Utthita Parsvakonasana – Extended Side Angle Posture (Modified)

Pronounced oo-TEE-tah parsh-vah-cone-AHS-anna, this is Extended Side Angle Posture.

This posture is found in the early stages of the Ashtanga Vinyasa Yoga standing sequence.  Here I will discuss a modified version of this posture which does not require props.

It is recommended to seek the guidance and supervision of a qualified yoga teacher when practicing yoga postures.

Begin by standing at the front of a yoga mat in mountain posture (tadasana).  The pelvic floor and bandhas are engaged – with the navel pulling inwards, towards the spine.

On an inhale, take a wide step, stepping the right foot towards the back of the mat, with both arms outstretched at shoulder height, palms facing down.  Turn the right foot so the toes are pointing towards the back of the mat, and the left foot is perpendicular to the front of the mat.  The feet are firmly rooted into the ground, be mindful that the the outer edge of the left foot is pressing into the mat.

Remember this is a side stretch, so keep the upper body facing forward parallel the side of the mat.  Mindfully bend the right knSide angle posture, utthita parsvakonasana at yogalime ee so that the thigh is parallel to the floor (aiming for a 90 degree bend).  Ensure the right knee is placed directly above the right ankle, you may need to adjust the width of your stance to achieve this.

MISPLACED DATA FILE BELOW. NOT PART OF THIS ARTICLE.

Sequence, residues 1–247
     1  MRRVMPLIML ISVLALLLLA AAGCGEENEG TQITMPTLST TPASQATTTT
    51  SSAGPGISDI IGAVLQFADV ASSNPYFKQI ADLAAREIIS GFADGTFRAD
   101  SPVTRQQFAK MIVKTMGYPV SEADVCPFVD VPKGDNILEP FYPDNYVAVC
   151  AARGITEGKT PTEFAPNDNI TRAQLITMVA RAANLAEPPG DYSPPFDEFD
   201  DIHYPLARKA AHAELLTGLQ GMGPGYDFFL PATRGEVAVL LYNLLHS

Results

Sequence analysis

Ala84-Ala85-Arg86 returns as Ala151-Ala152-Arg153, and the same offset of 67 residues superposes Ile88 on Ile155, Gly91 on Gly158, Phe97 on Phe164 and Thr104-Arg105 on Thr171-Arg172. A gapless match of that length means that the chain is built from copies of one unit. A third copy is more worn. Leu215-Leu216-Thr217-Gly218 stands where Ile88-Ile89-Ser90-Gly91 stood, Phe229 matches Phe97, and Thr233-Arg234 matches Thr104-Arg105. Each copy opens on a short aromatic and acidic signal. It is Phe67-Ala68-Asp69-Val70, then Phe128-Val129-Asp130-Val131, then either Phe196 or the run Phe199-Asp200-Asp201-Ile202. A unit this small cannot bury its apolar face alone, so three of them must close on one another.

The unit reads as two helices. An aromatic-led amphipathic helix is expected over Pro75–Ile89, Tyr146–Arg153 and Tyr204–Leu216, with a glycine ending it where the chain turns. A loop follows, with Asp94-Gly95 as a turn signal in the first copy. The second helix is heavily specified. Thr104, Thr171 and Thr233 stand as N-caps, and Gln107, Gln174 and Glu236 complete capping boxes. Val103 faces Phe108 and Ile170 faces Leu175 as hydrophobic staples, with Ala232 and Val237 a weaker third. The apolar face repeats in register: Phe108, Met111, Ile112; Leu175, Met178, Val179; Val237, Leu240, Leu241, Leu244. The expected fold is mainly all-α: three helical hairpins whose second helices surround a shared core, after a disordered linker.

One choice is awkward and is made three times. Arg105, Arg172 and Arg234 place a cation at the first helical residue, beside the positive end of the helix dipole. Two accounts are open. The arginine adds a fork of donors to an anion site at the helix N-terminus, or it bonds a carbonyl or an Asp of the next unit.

Keeping the torso facing forward, with shoulder blades wide and reaching down towards the lower back, gently reach and place the right elbow ontop of the right knee and extend the left arm up and over the top of the head.  Turn the head to look up towards the extended hand (drishti).  This posture also works as a hip opener.  Be mindful of the hips opening.

Exhale and remain here for 5 deep breaths.

Inhale and come up slowly keeping the feet where they are, pivot and rotate the feet to repeat this posture on the other side.  Remain here for 5 deep breaths.

To exit the pose, inhale and come up slowly, leaving the feet parallel to enter into the next posture in the sequence.

Let me know if you have any variations of this pose that you enjoy.

“Yoga is 99% practice and 1% theory.” Sri K Pattabhi Jois

Peace and love, Sky





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